by Boxing Insider News
The fight between Austin Trout and Saul “Canelo” Alvarez was slated to add one more championship to the other’s resume. They were both champions in the 154-pound weight class, and very rarely have there been bouts between two recognized champs who were both unbeaten.
Less than an hour later, there was just one unbeaten man remaining, as Alvarez captured a unanimous decision in front of a audience that was very friendly toward his cause, to say the least.
Trout had been someone looking for respect, as it was clear that he was not the so-called “star” in this bout. That much was understood, as it is Alvarez who was the far bigger draw, both on television and with the live crowd, which numbered close to 40,000 at the Alamodome in San Antonio.
He earned respect, though not enough from the officials, evidently.
Trout, who was two inches taller, is a technically-sound southpaw, and that is one of his characteristics that made him problematic for Alvarez to deal with. Canelo is much more comfortable with opponents who move toward him. Trout, a former U.S. national champion with over 200 amateur bouts, was not going to settle into a pattern like that.
Early on, Alvarez didn’t know quite what to do with Trout, and came forward throwing wildly. He did manage to land a roundhouse right and a right uppercut in the second round, and got more aggressive over the next couple of rounds. Even though Trout was busier, Alvarez was doing a good job at slipping punches.
Trout’s jab was not dominant, but it was the most visible weapon in the first half of the fight. Some of his right hand leads also started to work in the fifth round. Not that Alvarez was a sitting duck, mind you; he has always had good upper body movement, and he showed it. Alvarez seemed to be a bit winded in the sixth round, and found himself caught against the ropes. Trout is not a power puncher, however, and he really didn’t have enough to hurt Canelo.
The difference, in the minds of the judges, was the power of Alvarez, who was throwing one punch at a time for most of the evening, but landed some of them. The sharpest blow came just seconds into the seventh round, as a straight right hand buckled Trout’s knees and sent him to the floor, for the first time in his career. After getting up, Trout’s legs were unsteady, but he fought back nonetheless, to the point where he seemed to have Alvarez backing up toward the end.
Trout’s jab became less prominent in the last four rounds, and one of the reasons may be that his corner knew that the judges had him almost hopelessly behind. Alvarez was closing the distance, but continued his pattern of loading up for single shots for the most part. Trout was busier in the tenth and 12th rounds, though Alvarez, even knowing he was well ahead, and to his credit, looked at times like he was trying to take the judges out of the equation in the 11th round.
The scores, under WBC rules, were given to both corners at the end of the fourth and eighth rounds. So there were really no surprises in the end, as everybody gave the fight to Alvarez. Judge Stanley Christodoulou had it 118-109, with Rey Danseco scoring it 115-112 and Oren Schellenberger having it at 116-111.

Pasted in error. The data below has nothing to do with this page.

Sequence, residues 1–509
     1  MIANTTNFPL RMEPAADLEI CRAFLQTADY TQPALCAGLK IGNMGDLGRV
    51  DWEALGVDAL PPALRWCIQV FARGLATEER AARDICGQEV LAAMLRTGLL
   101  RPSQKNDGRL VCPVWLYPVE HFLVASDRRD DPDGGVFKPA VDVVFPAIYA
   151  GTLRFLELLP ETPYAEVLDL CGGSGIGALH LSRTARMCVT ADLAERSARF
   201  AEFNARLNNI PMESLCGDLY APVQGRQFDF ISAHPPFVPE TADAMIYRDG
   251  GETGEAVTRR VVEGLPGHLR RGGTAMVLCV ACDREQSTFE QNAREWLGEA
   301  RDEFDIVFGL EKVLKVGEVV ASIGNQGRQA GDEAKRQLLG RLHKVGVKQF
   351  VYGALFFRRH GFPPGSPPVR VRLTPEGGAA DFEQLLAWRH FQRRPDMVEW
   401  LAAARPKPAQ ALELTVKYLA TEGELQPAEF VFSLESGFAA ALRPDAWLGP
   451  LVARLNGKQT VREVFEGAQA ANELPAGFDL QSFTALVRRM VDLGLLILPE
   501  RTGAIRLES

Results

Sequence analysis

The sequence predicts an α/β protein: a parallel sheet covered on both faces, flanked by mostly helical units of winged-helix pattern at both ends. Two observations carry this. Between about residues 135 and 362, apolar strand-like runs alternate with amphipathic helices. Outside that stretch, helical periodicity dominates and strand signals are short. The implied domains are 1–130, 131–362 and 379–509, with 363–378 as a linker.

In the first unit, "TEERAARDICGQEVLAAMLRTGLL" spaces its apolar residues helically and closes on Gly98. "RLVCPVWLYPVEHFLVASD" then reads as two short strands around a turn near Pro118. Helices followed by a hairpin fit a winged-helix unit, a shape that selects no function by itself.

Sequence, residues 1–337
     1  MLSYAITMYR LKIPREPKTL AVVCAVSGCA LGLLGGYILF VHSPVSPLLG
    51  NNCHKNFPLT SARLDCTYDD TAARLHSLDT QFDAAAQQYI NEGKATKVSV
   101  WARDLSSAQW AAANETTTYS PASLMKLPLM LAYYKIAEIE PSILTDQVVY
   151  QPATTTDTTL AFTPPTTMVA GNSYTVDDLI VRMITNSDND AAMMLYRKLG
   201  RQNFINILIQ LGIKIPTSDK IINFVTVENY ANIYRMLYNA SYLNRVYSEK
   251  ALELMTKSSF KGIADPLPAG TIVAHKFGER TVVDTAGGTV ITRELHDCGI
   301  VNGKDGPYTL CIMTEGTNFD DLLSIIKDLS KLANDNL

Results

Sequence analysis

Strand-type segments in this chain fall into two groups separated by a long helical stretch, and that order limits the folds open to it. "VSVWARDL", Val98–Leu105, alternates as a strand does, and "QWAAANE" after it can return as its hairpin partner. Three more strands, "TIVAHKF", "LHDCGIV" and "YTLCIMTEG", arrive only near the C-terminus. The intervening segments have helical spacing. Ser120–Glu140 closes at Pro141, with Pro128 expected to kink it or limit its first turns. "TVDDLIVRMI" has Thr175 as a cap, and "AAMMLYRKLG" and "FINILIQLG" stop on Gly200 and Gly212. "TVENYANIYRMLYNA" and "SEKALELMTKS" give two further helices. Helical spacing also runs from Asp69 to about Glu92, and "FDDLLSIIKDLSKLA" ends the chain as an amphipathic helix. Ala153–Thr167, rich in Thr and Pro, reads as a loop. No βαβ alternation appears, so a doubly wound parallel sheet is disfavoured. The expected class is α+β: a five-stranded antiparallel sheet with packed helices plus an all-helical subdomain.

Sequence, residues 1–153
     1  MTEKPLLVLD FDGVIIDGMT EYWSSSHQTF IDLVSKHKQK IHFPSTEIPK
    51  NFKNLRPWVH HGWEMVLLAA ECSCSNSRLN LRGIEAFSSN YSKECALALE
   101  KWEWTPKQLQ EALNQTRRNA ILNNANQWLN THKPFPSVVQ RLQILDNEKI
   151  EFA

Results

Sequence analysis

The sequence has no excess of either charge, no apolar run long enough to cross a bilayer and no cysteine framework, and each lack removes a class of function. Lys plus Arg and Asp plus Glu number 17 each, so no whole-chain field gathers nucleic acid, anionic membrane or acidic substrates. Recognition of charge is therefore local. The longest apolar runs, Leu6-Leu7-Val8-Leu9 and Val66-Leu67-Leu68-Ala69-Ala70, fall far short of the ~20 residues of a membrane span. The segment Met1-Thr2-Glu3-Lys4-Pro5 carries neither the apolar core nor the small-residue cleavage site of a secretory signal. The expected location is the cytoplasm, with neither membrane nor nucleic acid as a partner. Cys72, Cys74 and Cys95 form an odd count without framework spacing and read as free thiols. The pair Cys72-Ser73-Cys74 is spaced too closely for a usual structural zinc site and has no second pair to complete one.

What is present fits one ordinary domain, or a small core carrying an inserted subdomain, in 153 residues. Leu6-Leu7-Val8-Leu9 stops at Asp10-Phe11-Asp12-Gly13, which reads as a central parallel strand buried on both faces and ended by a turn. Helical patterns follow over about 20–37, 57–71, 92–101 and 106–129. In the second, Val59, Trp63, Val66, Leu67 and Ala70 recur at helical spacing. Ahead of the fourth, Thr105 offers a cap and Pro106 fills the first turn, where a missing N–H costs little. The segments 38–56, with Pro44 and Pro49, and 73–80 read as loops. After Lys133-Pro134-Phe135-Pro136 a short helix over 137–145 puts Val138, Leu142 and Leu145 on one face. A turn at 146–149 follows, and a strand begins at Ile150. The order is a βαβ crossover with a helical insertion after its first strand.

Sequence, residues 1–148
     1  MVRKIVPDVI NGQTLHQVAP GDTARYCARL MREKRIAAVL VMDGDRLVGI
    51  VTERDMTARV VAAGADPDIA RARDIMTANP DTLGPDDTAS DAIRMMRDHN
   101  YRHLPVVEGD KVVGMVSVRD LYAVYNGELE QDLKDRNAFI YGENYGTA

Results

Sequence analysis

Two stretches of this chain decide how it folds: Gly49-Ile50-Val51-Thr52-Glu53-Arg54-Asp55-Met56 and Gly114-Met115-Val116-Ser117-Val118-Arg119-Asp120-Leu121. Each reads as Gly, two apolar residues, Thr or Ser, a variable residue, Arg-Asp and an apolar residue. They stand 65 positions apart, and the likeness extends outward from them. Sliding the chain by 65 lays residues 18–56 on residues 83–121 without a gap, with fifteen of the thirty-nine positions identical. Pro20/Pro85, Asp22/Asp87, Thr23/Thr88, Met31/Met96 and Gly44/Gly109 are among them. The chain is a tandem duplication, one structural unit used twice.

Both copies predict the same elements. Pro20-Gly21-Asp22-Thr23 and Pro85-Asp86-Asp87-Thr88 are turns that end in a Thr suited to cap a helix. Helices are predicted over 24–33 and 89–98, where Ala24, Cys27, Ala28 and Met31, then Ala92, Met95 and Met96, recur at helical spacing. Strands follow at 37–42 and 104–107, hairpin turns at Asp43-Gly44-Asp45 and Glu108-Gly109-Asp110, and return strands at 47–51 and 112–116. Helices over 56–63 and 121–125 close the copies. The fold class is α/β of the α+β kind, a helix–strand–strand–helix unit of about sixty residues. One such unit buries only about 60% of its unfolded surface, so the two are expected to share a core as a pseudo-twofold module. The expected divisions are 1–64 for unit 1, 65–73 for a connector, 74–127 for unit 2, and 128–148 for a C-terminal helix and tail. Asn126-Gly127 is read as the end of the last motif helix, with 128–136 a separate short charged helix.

With this fight, Alvarez is now 43-0-1 with 30 KO’s, while Trout suffered his first career loss after 26 victories (among them 14 KO’s).
Alvarez had not fought since September, when he stopped Josesito Lopez in five rounds. He called the fight a learning experience.
Trout almost sounded like a company man in the post-fight interview. Though the argument could certainly be made that he deserved a better break on the scorecards, he made no case for himself whatsoever. “He was quicker, stronger. he was the better man tonight,” he said, adding that he had “no excuses.”
Alvarez had pulled this bout off the May 4 Floyd Mayweather-Robert Guerrero undercard because he wasn’t guaranteed a fight with Mayweather of he won, and also wanted to show that he could carry a show of this magnitude on his shoulders.
The size of the crowd seemed to demonstrate just that, and perhaps his star is shining brighter now, as he hopes he is headed toward bigger and better things, despite not really putting an exclamation point on this win.
The only question is whether one of those bigger and better things is going to be a fight with Mayweather, who would not yet sign a contract to meet Alvarez in the event both of them won their matches. That could be something Canelo waits for (he stated without reservation after the fight that it was what he wanted), although Oscar De La Hoya has said that Alvarez would be on a scheduled September show against somebody.
Both the WBA and WBC championships were on the line, in addition to another belt controlled by a magazine that is owned by De La Hoya, who also owns Golden Boy Promotions (the bout’s promoter).
Trout did not necessarily expect to get any breaks in this overwhelmingly pro-Alvarez atmosphere, and he doesn’t really hit hard enough to take care of business on his own. There were other factors too. The El Paso native, who now lives in Las Cruces, New Mexico, was dealing with an opponent who not only wanted to establish himself as a top-level force in the boxing landscape, but had some family revenge on his mind. Trout had already defeated Rigoberto Alvarez, Canelo’s brother, for the vacant WBA title. “This is for my brother,” the unified 154-pound champ said.
Trout never received a lot of recognition until he beat Miguel Cotto to retain that title last December. He may have to go back to the drawing board, as he does not command a lot of attention on his own. He was hoping to develop the kind of leverage that being able to unify title belts would have afforded him.
Instead, the boxing world’s eyes will turn toward Mayweather, and whether Canelo Alvarez would stand a chance with him if and when the two come together.